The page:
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american teen

American Teen
Nanette Burstein
Cast: Hannah Bailey, Colin Clemens, Geoff Haase, Megan Krizmanich, Mitch Reinholt, Jack Tusing, Ali Wikalinska

Joanne Ross

August 15, 2008


“August 24th, 8:00 am. Warsaw Indiana. The first day of senior year.”

And so begins Nanette Burnstein’s film American Teen, her look into the lives of four teenagers and their friends as they steer their way through the hallways—and social realities—of Warsaw Community High School, Warsaw Indiana, during their senior year. Profiled are Hannah Bailey, Colin Clemens, Megan Krizmanich, and Jake Tusing.

Students might regard high school as an ecosystem, and every ecosystem has a food chain. At the top, according to Hannah, are the most popular group of girls lead by the “queen bee” Megan. Next come “the jocks”, lead by star basketball player Colin, “second only to Jesus in Warsaw.” Following are the “in-betweens”, artsy/emo girl Hannah. And finally, we have the bottom feeders--the oh-so-likeable, but friendless, Jake, “the quintessential marching band nerd.” Each represents one of the stereotypes or cliques associated with high school. Each keeps to his own kind, erecting barriers based on perceived differences.

Though each student’s story is different and each confronts different situations, issues common to them all—indeed to all teenagers—start to emerge. Hannah longs to escape Warsaw and attend college in San Francisco despite her parents’ wish that she remain in Warsaw to study, all while working through a wrenching breakup with her boyfriend. Colin is pressured by his dad, an Elvis impersonator, to win a sports scholarship. His focus shattered, he bungles plays on court causing his team to suffer losses. Lonely Jake is desperate for a girlfriend.  And the mean-spirited Megan, waiting to see if she is accepted to Notre Dame, engages in some nasty shenanigans that almost derail her college career and eventually lose her some close friends. One in particular, the naïve Erica, discovers what can happen if someone has the audacity to cross Megan. In this age of the technology, of the internet, e-mail, cell phones, and text messaging, she learns an important lesson: be careful of what you send and to whom you send it.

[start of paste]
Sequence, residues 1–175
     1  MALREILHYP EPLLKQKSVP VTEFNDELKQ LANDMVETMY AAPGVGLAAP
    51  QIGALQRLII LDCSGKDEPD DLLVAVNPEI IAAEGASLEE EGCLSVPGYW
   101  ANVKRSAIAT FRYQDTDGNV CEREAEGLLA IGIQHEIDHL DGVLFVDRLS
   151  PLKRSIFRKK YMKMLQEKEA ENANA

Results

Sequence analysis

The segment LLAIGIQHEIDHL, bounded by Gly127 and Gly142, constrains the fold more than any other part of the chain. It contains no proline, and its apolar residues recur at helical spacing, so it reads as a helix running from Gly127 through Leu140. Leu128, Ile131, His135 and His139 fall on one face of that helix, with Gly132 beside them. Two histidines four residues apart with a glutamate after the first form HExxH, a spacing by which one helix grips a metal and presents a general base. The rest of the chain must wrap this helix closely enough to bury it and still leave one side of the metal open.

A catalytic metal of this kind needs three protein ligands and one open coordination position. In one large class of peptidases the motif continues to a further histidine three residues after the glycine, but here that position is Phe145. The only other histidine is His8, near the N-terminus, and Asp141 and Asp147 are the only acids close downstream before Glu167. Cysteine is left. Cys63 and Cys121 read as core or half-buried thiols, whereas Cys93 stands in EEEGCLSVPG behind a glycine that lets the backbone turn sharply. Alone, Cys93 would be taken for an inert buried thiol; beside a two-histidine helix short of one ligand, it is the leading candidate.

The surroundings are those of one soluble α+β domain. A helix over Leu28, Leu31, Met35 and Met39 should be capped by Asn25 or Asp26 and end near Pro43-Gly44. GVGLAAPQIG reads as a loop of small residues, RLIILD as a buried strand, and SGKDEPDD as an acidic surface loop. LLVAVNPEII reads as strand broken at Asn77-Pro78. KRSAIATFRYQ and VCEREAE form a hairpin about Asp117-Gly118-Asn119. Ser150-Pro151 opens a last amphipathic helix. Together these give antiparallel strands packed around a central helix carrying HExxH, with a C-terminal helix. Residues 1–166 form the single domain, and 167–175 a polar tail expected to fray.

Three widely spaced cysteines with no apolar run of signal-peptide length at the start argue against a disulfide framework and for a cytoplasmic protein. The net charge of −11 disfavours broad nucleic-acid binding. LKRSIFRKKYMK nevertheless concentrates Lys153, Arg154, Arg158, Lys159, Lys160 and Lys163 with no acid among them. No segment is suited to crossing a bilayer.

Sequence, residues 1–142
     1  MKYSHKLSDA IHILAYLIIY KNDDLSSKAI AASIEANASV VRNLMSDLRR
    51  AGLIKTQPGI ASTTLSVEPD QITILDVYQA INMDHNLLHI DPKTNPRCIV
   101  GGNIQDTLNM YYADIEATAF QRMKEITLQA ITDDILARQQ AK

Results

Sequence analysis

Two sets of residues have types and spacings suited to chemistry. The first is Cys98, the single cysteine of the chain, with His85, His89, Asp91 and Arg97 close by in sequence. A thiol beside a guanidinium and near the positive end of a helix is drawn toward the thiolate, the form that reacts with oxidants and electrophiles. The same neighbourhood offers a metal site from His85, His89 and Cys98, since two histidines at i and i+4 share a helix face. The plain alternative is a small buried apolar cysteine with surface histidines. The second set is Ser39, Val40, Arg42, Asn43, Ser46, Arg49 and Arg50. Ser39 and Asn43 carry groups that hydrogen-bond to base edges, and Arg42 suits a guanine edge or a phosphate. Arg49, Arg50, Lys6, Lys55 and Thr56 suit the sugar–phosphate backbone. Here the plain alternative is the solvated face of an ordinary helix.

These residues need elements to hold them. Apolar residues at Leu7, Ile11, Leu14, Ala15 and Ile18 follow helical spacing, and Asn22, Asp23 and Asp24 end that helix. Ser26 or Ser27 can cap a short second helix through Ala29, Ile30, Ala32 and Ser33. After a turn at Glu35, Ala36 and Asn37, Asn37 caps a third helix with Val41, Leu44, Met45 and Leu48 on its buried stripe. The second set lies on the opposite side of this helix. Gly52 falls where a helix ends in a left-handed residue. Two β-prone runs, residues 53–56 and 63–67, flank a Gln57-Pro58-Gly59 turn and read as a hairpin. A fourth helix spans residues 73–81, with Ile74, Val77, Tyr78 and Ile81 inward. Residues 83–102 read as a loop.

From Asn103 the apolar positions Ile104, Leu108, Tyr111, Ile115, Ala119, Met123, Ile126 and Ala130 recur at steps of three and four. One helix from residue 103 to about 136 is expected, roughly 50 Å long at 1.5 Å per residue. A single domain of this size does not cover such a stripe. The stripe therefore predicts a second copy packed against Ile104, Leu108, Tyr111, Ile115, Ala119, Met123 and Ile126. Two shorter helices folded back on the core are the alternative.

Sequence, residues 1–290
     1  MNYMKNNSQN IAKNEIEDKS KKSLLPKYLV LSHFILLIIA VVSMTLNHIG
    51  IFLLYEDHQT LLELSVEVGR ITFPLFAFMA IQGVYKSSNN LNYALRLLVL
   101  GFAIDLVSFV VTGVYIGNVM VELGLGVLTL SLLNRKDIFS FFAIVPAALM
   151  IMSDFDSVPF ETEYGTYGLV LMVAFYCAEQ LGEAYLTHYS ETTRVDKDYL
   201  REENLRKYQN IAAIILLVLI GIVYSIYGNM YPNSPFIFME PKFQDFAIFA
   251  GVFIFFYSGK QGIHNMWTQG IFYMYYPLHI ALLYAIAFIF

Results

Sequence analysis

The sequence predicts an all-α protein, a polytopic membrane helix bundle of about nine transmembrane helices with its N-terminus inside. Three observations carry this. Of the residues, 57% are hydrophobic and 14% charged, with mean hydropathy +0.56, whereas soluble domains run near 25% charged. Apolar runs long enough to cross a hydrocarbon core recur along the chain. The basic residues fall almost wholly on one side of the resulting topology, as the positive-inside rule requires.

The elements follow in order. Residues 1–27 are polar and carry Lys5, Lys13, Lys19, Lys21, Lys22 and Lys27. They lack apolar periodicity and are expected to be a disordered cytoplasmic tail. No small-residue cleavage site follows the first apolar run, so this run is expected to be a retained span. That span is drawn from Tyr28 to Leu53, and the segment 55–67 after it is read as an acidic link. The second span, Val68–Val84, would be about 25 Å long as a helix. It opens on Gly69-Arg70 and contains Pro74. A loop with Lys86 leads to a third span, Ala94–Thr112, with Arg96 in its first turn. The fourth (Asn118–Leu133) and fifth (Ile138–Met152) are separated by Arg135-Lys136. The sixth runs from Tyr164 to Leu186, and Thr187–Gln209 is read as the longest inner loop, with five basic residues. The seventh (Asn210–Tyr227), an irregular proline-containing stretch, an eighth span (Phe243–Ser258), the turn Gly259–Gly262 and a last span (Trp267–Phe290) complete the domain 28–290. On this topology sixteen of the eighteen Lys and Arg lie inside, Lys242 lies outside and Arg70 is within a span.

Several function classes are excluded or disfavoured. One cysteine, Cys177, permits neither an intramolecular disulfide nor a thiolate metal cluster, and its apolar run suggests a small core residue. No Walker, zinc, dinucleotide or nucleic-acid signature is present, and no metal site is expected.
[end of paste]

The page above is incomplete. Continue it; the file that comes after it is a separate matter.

As each student tells his/her story, Burnstein accompanies the narration with an animated sequence. While fun to watch (one is borderline disturbing), these sequences don’t add anything. I suspect Burnstein included them to appeal to the younger audience.

Billed as a documentary, American Teen is really more in the style of cinema vérité and even strays into the realm of reality television—at times it felt a bit like The Hills or Laguna Beach. It’s an entertaining format, but stretches credibility. Criticism from Warsaw Community High students present during filming complained of the film’s “fakeness”. However, you don’t need to hear or read their criticisms to realize that the filmmakers simply could not have captured the footage they did if some of those scenes had not been set-up beforehand, maybe even scripted—either partially or entirely. So the relationship dynamics and the truthfulness of the various dramas that unfold is suspect.

What does emerge as truthful is the angst experienced by teenagers, in high school and out, while they struggle to define who they are and find their place in the world. Peer pressure, parental pressure, cruelty, questionable behavior, bad decisions, fear of the future, loneliness, jealousy, selfishness, breakups, desire for friends—by the end of their senior year, Hannah, Colin, Megan, and Jake experience some if not all of these challenges and dilemmas. They are more alike than they first imagined.

American Teen is a thoroughly absorbing glimpse into the lives of teenagers. Sadly, Burnstein doesn’t dig far beneath the surface. Nothing new is revealed. Rather she reminds us, very palpably, of a time of life that was, for many, fraught with confusion, fear, and painful experiences.  Like their hormones, the life of a teenager is full of ups and downs. And a lot of acne.*-JR


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